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Study: Dairy farmers have more beneficial gut bacteria thanks to their cows

Marshfield Clinic Research Institute study is first to look at microbiome impacts of farmers' exposure to cows, manure

Jeff Roberson/AP Photo

New research shows that Wisconsin dairy farmers are picking up an unexpected benefit from time spent in the barn: good gut bacteria from their cows.

Marshfield Clinic Research Institute said the study is one of the largest to look at the health of dairy farm workers from exposure to their cows and manure.

Researchers used nasal swabs and fecal samples to look at farmers’ microbiomes, the collection of bacteria, fungi and viruses that are naturally found in the human body.

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“These microbes have the ability to produce a million times more molecules that can modulate human health,” said Dr. Sanjay Shukla, director of the institute’s Center for Precision Medicine Research.

Shukla said in the last 15 years, research has shown that the microbiome can affect complex diseases like Parkinson’s, type 2 diabetes and even Alzheimer’s.

The study found the nasal microbiome of central Wisconsin dairy producers had strong similarities to their cows’ noses, and was significantly different from non-farmers in the same ZIP codes. The farmers also had increased levels of beneficial bacteria that can provide a barrier to sinus infections.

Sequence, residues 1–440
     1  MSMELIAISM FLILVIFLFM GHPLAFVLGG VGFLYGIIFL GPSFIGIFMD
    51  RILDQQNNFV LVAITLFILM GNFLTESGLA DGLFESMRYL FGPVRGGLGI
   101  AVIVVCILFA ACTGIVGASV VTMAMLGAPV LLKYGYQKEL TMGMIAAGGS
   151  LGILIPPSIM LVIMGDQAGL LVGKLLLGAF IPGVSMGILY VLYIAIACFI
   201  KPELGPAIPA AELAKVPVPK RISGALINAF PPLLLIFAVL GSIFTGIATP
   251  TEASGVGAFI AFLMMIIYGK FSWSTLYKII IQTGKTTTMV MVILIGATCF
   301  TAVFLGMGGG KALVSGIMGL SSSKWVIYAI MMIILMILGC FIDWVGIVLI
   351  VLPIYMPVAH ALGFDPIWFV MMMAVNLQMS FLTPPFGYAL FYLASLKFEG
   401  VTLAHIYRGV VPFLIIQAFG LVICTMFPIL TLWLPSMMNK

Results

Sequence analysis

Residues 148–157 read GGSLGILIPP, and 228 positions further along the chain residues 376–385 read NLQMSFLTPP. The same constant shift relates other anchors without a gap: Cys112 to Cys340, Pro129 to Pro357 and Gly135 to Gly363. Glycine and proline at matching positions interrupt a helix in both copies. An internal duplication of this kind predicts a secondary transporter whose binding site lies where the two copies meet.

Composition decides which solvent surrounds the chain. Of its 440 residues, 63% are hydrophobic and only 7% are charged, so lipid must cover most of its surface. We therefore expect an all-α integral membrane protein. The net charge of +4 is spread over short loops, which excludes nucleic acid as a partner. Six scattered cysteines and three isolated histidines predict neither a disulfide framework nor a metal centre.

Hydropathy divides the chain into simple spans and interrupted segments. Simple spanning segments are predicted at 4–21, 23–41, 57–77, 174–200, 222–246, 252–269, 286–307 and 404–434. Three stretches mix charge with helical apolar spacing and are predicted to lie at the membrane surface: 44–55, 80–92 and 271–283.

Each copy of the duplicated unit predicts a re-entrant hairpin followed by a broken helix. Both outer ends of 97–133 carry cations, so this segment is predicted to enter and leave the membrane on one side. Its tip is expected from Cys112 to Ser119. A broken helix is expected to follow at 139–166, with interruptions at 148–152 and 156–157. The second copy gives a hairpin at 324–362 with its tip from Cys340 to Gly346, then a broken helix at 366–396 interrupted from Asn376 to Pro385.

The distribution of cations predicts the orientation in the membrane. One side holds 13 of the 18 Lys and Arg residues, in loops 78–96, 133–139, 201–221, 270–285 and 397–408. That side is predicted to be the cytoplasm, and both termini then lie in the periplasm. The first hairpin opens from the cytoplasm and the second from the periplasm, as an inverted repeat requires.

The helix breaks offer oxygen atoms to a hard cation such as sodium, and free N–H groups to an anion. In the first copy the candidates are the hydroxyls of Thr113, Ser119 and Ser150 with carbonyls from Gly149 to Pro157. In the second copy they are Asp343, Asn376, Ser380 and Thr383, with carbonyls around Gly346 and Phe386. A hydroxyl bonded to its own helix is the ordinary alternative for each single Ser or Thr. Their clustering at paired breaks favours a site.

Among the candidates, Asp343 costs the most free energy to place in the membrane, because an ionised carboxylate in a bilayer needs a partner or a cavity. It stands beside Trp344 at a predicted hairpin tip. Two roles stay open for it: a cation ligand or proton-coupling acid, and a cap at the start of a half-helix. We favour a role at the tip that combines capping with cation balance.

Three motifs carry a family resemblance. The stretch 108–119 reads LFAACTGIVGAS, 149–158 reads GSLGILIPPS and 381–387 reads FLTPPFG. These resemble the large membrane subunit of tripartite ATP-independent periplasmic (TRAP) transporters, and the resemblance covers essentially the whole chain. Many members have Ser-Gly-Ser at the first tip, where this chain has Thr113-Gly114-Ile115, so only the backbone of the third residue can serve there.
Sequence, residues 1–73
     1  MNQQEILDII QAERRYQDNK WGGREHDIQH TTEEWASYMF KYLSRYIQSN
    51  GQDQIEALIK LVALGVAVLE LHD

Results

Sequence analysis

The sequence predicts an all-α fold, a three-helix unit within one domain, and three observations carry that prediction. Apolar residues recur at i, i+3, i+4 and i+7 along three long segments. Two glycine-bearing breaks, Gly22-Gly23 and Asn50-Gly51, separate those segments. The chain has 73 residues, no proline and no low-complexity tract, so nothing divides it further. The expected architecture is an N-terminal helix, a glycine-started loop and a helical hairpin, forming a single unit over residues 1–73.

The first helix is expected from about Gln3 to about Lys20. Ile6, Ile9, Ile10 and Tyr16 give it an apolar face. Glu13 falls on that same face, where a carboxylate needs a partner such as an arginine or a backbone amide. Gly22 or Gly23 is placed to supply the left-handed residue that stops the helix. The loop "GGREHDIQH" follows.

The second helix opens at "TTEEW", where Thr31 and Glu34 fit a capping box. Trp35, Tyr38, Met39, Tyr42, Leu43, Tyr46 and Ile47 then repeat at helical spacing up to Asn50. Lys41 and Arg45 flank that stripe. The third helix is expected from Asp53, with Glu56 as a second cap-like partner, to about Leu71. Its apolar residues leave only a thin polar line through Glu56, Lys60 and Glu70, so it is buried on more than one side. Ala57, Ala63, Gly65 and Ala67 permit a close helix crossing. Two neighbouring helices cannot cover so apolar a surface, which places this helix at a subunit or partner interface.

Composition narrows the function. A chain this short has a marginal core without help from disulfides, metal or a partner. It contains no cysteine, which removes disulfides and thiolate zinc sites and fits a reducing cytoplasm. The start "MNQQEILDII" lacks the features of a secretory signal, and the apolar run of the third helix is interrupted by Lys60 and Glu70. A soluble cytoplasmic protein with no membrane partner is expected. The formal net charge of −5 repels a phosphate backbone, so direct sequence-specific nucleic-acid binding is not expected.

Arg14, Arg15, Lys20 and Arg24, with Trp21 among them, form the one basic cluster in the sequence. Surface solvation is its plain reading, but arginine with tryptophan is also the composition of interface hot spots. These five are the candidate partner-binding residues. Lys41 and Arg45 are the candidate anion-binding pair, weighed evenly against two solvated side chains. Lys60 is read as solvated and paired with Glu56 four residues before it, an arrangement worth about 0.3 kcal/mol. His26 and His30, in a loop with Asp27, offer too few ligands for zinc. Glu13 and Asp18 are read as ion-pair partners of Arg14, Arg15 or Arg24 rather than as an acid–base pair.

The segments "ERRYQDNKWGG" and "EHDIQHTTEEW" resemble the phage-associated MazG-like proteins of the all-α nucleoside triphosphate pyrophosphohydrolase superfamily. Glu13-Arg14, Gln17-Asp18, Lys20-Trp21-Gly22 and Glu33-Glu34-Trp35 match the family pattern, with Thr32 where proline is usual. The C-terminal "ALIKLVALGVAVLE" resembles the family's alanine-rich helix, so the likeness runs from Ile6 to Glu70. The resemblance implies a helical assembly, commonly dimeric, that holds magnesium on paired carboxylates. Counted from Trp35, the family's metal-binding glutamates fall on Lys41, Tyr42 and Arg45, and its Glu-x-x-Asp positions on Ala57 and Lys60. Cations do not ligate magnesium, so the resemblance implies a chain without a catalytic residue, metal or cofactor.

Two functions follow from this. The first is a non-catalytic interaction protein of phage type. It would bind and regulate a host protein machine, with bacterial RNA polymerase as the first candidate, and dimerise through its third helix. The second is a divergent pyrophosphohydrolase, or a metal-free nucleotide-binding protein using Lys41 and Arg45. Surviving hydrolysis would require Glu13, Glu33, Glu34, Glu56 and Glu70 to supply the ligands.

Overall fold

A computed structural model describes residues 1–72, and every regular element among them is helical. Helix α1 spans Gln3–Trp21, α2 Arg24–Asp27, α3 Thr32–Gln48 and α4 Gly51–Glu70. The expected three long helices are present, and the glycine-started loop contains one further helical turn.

“It was not surprising,” Shukla said. “Basically, it’s a coevolution. To some extent, if you work in an environment, you’re going to share that microbiome.”

When comparing gut microbiomes, Shukla said cows had a more diverse mix of microbes than either human groups. The composition of the two human gut microbiomes were similar, but Shukla said farmers had increased levels of two beneficial bacteria: Coprococcus eutactus, which works as a probiotic, and Roseburia faecis, which helps maintain the human gut’s normal functioning.

He said researchers were curious to see if this sharing meant cows were passing along any antibiotic-resistant genes developed from the use of on-farm medications, like antimicrobials to treat bovine mastitis. He said surprisingly, the samples did not show any antibiotic resistance passed onto farmers. 

With thousands of samples collected from cows and humans, Shukla said the team’s next step is to look at how the bacteria that are present actually contribute to the overall health of farmers and how diseases affect them.

“For example, we’re planning to look at different cancers in the farmers because the gut microbiome has been linked to colon cancers,” he said.

With close to 2.6 million people working in agriculture in the United States, Shukla said more research is needed to understand both the positive and negative impacts of exposure to livestock.